In the second of a regular focus on European insurance companies and brokers, Post Europe talks to the management of Vanbreda, the Belgium-based broker, which is part of the EOS Risq group.
1) How has the regulatory landscape changed in the country you work in over the last five years?
Due to the financial crisis and the impact on local large banks and insurance companies, the national and European controlling bodies/Insurance Commissioner and their internal organisation and authority came under pressure. The focus on Solvency II Basel II and EU competition legislation increased significantly.
2) What is your overall impression of the body charged with regulating the local insurance market in which you operate?
Has this improved or worsened in the last five years?
3) How much of a priority do you believe the local government in the territory in which you operate place on having a thriving insurance market?
It becomes more and more a European issue, and no longer an exclusive local priority. The biggest focus of local government is on local personal lines for individuals or households such a motor, life insurance etc…
4) How is the insurance sector generally viewed when compared to other parts of the wider financial services sector such as the investment and banking communities?
Has this changed in light of the economic downturn which has widely been labelled the “banking crisis”? Main focus of the public was/is on the banks since the financial crisis, because it is in that area that individuals were confronted with the largest exposures (savings, run on the bank,…) . In addition, pension funds were as well under a close watch due to disappointing investment results. Venture capitalists, hedge funds and other rather short term investment companies came under serious pressure.
5) If and when do you think we will ever see a single common market across Europe in which insurance is sold on a truly pan-European basis?
This varies per line of business, i.e. most property & casualty insurance and marine business is already streamlined due to the global insurance companies. Most life insurance and person related insurance products can only be harmonised if the EU is able to implement fiscal and social harmonisation/legislation across the board.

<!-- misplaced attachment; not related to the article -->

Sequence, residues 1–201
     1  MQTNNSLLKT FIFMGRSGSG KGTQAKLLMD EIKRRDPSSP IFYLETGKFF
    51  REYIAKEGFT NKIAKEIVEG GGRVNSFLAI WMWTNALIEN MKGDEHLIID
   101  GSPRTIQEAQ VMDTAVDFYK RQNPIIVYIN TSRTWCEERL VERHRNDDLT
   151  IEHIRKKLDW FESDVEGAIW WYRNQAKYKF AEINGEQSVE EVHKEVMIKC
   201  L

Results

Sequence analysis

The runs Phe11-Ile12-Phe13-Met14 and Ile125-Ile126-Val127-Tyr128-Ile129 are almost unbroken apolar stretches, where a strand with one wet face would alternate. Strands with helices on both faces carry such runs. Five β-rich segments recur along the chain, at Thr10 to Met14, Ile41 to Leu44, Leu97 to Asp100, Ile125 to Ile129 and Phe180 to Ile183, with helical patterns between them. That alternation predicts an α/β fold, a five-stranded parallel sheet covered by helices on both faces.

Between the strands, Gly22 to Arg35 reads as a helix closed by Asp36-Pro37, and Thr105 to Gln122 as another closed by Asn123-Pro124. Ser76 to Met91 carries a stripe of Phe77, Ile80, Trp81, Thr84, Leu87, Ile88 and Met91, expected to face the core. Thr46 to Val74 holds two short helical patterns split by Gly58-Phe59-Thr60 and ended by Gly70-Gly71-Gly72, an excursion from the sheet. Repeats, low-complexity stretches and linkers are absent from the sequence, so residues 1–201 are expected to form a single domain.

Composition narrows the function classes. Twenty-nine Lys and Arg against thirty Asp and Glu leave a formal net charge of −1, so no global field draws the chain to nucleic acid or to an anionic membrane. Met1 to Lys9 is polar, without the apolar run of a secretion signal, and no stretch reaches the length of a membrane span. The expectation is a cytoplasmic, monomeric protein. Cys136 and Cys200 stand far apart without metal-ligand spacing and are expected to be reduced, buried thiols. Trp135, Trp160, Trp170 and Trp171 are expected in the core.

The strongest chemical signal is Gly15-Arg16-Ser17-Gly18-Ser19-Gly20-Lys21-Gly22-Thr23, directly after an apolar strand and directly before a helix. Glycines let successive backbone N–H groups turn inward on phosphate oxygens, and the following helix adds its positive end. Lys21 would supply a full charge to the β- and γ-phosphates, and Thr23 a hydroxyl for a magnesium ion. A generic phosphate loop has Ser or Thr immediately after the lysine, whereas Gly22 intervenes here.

6) How prepared do you believe the local market/markets in which operate is ready for Solvency II?
Local markets will probably only be prepared to further invest in Solvency II if it really helps them to comply with realistic solvency criteria imposed by local/EU authorities. If such a regulation results in a discrimination in favour of non-EU (read US) insurers, they’ll be much more reluctant to go all the way.
7) How has the global downturn impacted the wider insurance market in the territory in which you operate?
Are customers cutting back on cover? Are you seeing an increase in claims and if so in what areas? Contrary to widely belief and expectation, the economic crisis still didn’t result in a hardening market. It is rather the other way round where insurers go for market share and are still prepared to offer the widest coverages (low deductibles, high limits, all risks basis,…) at a very low price. There’s no need for customer’s to cut back on cover because the market already helped them to lower their annual premium spent. The paradox is though that on the claims side, we notice an increase of the notified claims (both gravity and frequency).
8) What is currently happening with regards pricing and insurance rates in the country in which you operate? How do you expect this to change over the next two years?
Based on the current situation, we do not expect a hardening market in the near future. Nevertheless, most of the triggers for a hardening market are already “activated”: Negative technical results of the insurers (2008-2009); Strongly reduced financial results (investments) of the insurers (2008-2009) due to the financial crisis; Insurance premiums at bottom level; Potential increase reinsurance premiums; Increase damages and losses due to human error; Increase of Eg and Fg of natural catastrophes; and reduced capacity insurers due to Solvency II requirements
9) What are the biggest issues facing your employer in terms of distribution?
Soft market with limited need for high level specialised technical advice (placing); Direct writers (insurers); Fee levels; Cost cutting consultants; Purchasing managers monitoring/steering the insurance purchasing process (RFP’s)
10) How much of an issue is broker remuneration/ disclosure for your company and its clients presently?
It is a limited issue.
11) How easy do you find it to recruit fresh talent? If there are any obstacles what are they?
Difficult to recruit good staff due to limited number of candidates : limited appetite to change employer, and if willing to do so, only at a high cost.
- Swinton left with only 20 branches after latest closures
- Ex-Allianz and Axa pair launch 'open source' insurtech
- British Steel pursues disputed claim and damages against Zurich and others
- Aviva reveals adoption rates of repair portal
- Keoghs expands into Northern Ireland
- Analysis: Are AI solutions being used to mitigate risks?
- Analysis: Collapse of Lamp highlights lessons still to be learned